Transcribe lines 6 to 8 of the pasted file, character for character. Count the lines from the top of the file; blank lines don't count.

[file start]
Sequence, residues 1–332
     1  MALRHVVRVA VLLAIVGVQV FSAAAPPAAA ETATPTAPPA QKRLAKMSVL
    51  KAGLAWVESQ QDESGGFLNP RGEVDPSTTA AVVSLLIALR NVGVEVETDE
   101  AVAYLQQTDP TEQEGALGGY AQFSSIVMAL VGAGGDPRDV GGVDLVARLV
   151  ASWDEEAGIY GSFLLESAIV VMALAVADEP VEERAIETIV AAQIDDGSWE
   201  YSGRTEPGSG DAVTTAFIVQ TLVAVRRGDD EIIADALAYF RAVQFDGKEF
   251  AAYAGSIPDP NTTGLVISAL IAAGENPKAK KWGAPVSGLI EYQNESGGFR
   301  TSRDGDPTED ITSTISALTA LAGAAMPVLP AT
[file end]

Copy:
   201  YSGRTEPGSG DAVTTAFIVQ TLVAVRRGDD EIIADALAYF RAVQFDGKEF
   251  AAYAGSIPDP NTTGLVISAL IAAGENPKAK KWGAPVSGLI EYQNESGGFR
   301  TSRDGDPTED ITSTISALTA LAGAAMPVLP AT